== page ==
Do the lights on the automobile being hauled need to work?
Driving asked the authorities about this and the response was an indisputable yes, especially if it’s dark. And even if it’s broad daytime, forget using hand signals instead of signs– does anybody even remember what the hand signal for a left turn is? According to the Highway Code, it’s a counter-clockwise rotation of your right arm, which could cause all sorts of misconceptions …
Can I tow an automobile with an automatic transmission?
If the driven wheels of an automatic transmission car touch with the road when the car is under tow– and the engine isn’t running– there is a possibility of damage to the transmission. It is vital that you consult your owners’ handbook as it will contain an area that deals with towing, with some producers enforcing a range and speed limit for automatic transmission automobiles. And just as with manual transmission cars and trucks, make sure that the gearbox is in neutral.
How should the cars and truck doing the towing be driven?
Keep your speed as low as securely possible, and pull away as gently as you can, modulating the clutch to prevent “nabbing” the rope. That’ll avoid a truly unpleasant jerking action in the automobile being hauled, and if your tow rope is going to snap, it’ll be on that occasion.
Brake gently in advance to activate brake lights so the towed car has plenty of notice that braking is imminent. And likewise, suggest well in advance so your partner behind has great deals of notification.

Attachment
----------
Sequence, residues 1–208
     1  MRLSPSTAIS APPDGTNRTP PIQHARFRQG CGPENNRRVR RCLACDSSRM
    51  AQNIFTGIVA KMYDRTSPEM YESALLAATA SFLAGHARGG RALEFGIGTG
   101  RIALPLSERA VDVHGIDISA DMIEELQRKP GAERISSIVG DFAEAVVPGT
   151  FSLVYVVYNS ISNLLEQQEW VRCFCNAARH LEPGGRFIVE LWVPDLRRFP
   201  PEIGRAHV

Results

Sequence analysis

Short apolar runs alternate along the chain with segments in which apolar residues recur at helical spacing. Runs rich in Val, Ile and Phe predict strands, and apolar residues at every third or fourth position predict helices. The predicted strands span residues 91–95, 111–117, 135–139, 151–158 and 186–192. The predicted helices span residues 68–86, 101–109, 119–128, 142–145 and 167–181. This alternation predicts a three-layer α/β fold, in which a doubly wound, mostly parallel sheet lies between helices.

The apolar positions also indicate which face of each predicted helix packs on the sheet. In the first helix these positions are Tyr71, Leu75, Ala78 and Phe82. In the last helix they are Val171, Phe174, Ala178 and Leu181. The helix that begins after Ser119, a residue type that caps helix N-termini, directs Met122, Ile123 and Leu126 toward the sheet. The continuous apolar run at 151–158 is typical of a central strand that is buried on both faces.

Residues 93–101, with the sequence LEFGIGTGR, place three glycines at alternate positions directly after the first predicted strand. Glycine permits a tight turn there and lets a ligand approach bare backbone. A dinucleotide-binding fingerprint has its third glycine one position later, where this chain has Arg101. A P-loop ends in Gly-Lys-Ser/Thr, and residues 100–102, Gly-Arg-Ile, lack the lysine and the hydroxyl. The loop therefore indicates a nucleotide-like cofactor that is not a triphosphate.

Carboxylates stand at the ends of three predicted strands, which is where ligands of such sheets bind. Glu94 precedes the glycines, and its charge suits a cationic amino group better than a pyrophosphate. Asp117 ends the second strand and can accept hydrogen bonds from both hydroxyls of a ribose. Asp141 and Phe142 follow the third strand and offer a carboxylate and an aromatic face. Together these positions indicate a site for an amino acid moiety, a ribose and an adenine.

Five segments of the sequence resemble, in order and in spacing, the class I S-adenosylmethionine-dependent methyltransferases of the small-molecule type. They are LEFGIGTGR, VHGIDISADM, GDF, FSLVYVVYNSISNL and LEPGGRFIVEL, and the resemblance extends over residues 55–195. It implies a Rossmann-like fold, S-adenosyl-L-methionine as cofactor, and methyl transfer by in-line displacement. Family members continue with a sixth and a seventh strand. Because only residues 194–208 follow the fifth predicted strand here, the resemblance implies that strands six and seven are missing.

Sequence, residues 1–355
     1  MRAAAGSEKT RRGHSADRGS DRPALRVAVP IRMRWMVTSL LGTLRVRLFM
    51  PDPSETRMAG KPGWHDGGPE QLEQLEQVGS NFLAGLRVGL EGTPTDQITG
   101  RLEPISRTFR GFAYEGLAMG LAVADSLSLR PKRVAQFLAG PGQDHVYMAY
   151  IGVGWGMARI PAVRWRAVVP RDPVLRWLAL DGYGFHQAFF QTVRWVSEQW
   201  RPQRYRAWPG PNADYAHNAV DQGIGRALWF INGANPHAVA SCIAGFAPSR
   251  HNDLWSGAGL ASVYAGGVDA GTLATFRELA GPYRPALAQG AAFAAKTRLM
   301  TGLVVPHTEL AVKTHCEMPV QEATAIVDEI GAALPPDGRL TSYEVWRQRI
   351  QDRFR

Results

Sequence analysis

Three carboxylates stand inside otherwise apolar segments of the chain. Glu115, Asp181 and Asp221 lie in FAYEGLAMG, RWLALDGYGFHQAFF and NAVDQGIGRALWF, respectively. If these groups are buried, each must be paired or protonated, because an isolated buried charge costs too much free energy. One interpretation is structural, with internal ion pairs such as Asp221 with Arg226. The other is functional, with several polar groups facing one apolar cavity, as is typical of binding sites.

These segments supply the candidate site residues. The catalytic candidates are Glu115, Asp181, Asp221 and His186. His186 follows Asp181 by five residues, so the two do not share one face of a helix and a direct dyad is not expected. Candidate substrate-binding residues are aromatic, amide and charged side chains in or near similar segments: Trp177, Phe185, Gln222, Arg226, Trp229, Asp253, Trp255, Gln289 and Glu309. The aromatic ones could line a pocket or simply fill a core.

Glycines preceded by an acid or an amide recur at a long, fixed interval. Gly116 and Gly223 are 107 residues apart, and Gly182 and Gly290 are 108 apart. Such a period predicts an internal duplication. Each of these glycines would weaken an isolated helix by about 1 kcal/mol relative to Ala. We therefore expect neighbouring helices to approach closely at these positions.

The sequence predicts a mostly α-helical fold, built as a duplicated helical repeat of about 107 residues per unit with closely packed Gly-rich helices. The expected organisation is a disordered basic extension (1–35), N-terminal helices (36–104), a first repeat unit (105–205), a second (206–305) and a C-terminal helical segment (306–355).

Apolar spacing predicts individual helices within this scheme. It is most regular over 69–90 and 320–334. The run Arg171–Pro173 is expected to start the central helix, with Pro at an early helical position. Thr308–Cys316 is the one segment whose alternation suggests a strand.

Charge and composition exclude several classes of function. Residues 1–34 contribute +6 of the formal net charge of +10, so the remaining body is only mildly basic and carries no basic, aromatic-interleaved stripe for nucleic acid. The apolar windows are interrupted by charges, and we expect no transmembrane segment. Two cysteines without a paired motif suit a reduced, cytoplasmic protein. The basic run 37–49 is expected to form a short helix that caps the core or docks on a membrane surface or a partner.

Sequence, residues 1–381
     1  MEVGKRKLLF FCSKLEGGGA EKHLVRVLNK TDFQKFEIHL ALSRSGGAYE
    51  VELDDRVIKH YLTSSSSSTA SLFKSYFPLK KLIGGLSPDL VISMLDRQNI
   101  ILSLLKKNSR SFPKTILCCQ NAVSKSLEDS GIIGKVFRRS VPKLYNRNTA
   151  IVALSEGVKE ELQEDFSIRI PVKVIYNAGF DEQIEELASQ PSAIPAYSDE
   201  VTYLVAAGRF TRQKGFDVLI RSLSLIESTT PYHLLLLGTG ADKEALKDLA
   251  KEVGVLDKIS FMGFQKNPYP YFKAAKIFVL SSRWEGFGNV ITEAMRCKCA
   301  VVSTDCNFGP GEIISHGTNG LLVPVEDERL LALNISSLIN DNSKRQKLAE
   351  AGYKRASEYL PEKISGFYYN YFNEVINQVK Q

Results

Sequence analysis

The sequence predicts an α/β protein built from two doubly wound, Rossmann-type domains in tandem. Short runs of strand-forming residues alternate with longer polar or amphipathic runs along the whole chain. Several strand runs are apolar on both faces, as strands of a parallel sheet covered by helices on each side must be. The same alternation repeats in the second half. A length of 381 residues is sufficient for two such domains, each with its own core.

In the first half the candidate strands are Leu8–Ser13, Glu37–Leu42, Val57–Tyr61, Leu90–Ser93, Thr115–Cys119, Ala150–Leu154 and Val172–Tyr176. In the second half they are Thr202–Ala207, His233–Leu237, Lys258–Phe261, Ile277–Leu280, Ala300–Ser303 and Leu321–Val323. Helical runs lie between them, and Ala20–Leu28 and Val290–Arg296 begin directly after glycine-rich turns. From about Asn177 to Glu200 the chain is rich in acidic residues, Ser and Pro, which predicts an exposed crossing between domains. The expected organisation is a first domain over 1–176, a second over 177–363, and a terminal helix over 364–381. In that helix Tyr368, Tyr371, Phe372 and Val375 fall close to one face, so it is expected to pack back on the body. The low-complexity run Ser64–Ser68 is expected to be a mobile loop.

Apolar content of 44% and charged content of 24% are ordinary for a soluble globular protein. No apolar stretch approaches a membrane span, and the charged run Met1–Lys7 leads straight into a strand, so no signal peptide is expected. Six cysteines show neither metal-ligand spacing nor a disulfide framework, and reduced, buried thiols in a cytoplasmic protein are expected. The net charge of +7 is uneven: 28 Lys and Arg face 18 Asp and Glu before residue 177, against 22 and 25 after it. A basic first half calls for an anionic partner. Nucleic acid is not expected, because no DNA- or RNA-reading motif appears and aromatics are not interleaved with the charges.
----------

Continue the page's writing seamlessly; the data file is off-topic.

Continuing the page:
Watch on your temperature level gauge as your engine will be under a greater load than usual, so overheating is a prospective concern. And due to the fact that there’s lot more going on than during your normal journeys, it’s wise to have someone else in the tow car to keep a more detailed eye on what’s occurring behind.
Avoid any remarkable manoeuvres, abrupt braking or velocity– keep in mind, if the towed cars and truck doesn’t have a running engine, it also won’t have power assisted steering or brakes. Which could lead to two dead cars and trucks instead of one.
When you buy a purpose-built tow rope they normally come with an ‘On Tow’ sign, which you hang on the back of the automobile being hauled (obviously). If the ignition isn’t on, the guiding lock will still be engaged, which could have the tow cars and truck going in one instructions and the automobile being pulled going in another at the first corner. According to the Highway Code, it’s a counter-clockwise rotation of your right arm, which could lead to all sorts of misconceptions …
Can I tow a car with an automatic automobile?
If the driven wheels of an automated transmission cars and truck are in contact with the roadway when the car is under tow– and the engine isn’t running– there is a possibility of damage to the transmission. That’ll avoid a really unpleasant jerking action in the cars and truck being pulled, and if your tow rope is going to snap, it’ll be on that event.